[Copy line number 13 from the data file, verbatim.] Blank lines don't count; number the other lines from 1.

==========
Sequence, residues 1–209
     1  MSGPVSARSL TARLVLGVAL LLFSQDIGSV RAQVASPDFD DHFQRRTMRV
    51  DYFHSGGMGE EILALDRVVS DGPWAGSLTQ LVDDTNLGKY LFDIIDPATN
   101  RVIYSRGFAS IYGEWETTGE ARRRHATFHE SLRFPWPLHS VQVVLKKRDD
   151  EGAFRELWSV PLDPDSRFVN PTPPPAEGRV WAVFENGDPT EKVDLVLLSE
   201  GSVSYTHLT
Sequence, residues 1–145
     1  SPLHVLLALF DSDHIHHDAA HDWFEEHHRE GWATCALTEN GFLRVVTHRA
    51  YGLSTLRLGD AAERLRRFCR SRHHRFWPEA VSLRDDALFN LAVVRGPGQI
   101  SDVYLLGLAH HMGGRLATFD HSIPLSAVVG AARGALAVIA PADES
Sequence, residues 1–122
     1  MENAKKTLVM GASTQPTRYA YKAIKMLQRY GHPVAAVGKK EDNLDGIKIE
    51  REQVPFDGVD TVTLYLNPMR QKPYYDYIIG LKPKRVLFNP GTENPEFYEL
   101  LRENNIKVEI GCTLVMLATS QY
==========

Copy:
    51  REQVPFDGVD TVTLYLNPMR QKPYYDYIIG LKPKRVLFNP GTENPEFYEL